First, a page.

Two major projects have remained for our house to be completely liveable: Power and hot water. But as Linda has pointed out. “I can live without electricity, but I won’t live without hot water.” So the hot water system became our next priority. We engaged Craig Edwards and Kirk Rohn of the Evergreen Group to do the installation. The hardest work was installing the posts and frame for the panel. We went with a large panel in hopes that it would be enough, even on cloudy, winter days, to avoid the need for a supplemental heat source. The panel is now in place, the tank is hooked up and the system is working with temperatures above 150 degrees F. on sunny days. Despite our lower upstairs water pressure, there was enough to enjoy my first shower on Saturday. We may have all the details complete by October.

The Watchers, Part Seven

Another entry in the story started last year: Let me know if you want more.

“Titus, poor Titus! What has this place done to you?” Benjamin sighed before bending over once more to fasten the strap on his other sandal. Should he have left two days ago? He had secured a seat; he had gone to the aeroport. Why had he come back? It could not have been the warmth of his hosts. They had been but strangers. He took a deep breath. “It’s the girl.” There, he had spoken truth at last. He had been plagued with mysteries from the moment he had left his own country, but none were vexing him as much as that child with her sweet voice, big eyes and impossible hand. She had saved his life … and threatened it as well. What was she? For the eighth time, Benjamin ran what he knew to be truth back through his mind. She was a worship house child, she was an adolescent scholar, she was a rich family’s second daughter, she was a ninja warrior. She had two hands, or one, or many? She wore a simple shift or silken gowns, or black tights. She spoke of the “watchers;” she agreed that this was an evil place. What was she? Very smart and much too wise for her physical age, that he knew to be true. Otherwise?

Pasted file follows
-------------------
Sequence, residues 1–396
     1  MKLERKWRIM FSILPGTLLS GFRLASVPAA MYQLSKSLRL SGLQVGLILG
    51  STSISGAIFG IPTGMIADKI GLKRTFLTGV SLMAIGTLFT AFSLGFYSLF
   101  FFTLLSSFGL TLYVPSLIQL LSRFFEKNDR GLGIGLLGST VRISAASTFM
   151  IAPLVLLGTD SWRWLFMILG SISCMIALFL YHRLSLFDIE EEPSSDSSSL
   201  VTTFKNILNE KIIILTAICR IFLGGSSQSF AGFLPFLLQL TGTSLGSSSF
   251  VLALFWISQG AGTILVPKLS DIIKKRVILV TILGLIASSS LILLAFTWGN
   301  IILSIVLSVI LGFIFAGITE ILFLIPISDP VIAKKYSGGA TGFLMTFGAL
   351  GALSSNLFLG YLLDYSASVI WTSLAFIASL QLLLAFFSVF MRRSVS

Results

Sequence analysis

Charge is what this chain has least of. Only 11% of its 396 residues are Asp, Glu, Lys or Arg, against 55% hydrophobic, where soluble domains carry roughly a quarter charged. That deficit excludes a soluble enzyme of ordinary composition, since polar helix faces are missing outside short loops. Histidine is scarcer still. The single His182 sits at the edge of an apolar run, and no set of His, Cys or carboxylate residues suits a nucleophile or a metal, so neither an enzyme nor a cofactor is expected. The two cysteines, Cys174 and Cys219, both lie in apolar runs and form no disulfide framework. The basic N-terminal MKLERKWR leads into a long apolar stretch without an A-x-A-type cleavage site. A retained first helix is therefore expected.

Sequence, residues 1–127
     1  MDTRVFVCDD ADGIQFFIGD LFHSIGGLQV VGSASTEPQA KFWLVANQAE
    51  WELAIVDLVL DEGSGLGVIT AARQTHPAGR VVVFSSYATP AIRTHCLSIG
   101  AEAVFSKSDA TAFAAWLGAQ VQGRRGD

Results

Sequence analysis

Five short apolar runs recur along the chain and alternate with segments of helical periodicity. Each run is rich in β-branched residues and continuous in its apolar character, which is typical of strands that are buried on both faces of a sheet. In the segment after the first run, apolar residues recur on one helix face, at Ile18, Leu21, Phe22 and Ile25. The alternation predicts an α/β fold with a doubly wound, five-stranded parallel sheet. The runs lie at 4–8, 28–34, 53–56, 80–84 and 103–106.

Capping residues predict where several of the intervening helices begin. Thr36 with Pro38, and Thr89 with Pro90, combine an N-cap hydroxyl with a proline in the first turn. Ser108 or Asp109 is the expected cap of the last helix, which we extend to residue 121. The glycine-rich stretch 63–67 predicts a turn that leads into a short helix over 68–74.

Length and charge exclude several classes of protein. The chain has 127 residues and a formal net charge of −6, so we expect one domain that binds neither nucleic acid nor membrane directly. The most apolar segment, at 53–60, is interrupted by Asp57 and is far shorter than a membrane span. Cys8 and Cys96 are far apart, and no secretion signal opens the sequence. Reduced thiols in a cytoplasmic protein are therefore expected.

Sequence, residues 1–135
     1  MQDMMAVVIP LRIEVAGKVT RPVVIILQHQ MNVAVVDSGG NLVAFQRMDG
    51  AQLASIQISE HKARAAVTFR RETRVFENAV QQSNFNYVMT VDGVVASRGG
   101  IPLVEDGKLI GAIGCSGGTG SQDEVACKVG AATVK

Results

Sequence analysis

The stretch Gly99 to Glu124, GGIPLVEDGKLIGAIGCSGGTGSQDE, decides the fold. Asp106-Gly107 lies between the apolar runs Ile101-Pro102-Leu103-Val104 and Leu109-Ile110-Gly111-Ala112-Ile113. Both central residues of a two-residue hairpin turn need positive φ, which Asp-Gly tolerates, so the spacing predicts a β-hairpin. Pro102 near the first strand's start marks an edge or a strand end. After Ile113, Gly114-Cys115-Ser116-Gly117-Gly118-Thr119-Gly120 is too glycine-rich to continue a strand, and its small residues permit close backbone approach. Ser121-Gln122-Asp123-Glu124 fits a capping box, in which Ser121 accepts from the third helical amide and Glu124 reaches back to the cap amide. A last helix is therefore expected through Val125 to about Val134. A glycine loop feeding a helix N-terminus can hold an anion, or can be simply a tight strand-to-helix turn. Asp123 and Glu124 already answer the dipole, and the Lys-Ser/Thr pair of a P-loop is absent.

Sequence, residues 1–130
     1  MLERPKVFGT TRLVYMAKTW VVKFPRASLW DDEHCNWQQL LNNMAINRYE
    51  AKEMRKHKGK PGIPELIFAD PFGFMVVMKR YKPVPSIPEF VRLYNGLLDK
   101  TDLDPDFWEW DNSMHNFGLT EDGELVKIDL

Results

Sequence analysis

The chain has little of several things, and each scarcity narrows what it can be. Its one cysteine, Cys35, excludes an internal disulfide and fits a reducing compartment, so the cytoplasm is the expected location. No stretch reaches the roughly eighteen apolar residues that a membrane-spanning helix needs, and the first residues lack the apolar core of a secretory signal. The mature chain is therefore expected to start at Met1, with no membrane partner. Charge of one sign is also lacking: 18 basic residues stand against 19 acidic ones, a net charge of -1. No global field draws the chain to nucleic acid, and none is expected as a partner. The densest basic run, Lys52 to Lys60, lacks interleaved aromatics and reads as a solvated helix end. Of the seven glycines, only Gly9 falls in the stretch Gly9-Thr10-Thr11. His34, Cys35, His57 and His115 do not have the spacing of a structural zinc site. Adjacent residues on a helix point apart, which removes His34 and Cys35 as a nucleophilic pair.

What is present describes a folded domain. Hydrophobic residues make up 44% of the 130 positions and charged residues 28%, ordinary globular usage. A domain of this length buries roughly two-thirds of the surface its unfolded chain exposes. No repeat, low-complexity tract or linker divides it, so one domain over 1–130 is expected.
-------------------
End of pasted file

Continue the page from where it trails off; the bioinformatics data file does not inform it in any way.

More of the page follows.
The Wall. She had mentioned a “wall.” She said it had answers. “Hmm.” Benjamin opened the paperback novel and his compupad. He began leafing through the book’s off-white pages, occasionally pausing and noting a word or letter. He typed these characters into a fresh document on his compupad. When he had two lines of text, he hit return, entered a password, confirmed and began to page through the screens that the compupad provided. He took no notes and when he was done, he did not save anything. Instead he ran a second program that deep-erased any record that he had ever accessed any outside source.

“I don’t like this.”
Why? the thought passed through Beriana’s mind.
“I am too old, too tall. I am growing up.”
Does that matter?
“You know it does. I used to be a little beggar girl. Now …” Briana made a sour face. “The last time I went out with the bowl, a man offered to take me to a place where they make love. He thought I was trying to sell my body. I don’t like that.”
We have only a few left. We need someone to see for us.
“I don’t want to do this.”
Remember your promise?
“I remember.” Beriana rubbed her right hand, then folded her arms and hugged herself. “This is the last time, for sure.” She began changing.

Nineteen beggars squatted in a line against the north wall of the square. Some were missing limbs. Two appeared to be blind. Beriana seated herself close enough to the group so that she was clearly one of them but not too near. Her business today did not involve coins. She hunched down, trying to make herself appear as small and short as possible before setting down her bowl in front of herself. The sun felt good, and Beriana turned her smudged face toward it, gathering in its heat, then she shielded her brow with her left hand and began watching. She did not have long to wait. The paster arrived within three tick-tocks of her own arrival. He was trying to appear casual, as if he were a simple visitor from the south lands, or some other closer country. He studied the brass bracelets in Uncle Ollie’s stand, spoke briefly with a horse vendor, even looked her way briefly, but gave no sign that he recognized her. Then he approached the older part of a stone-rubble wall that closed in the south side of the market.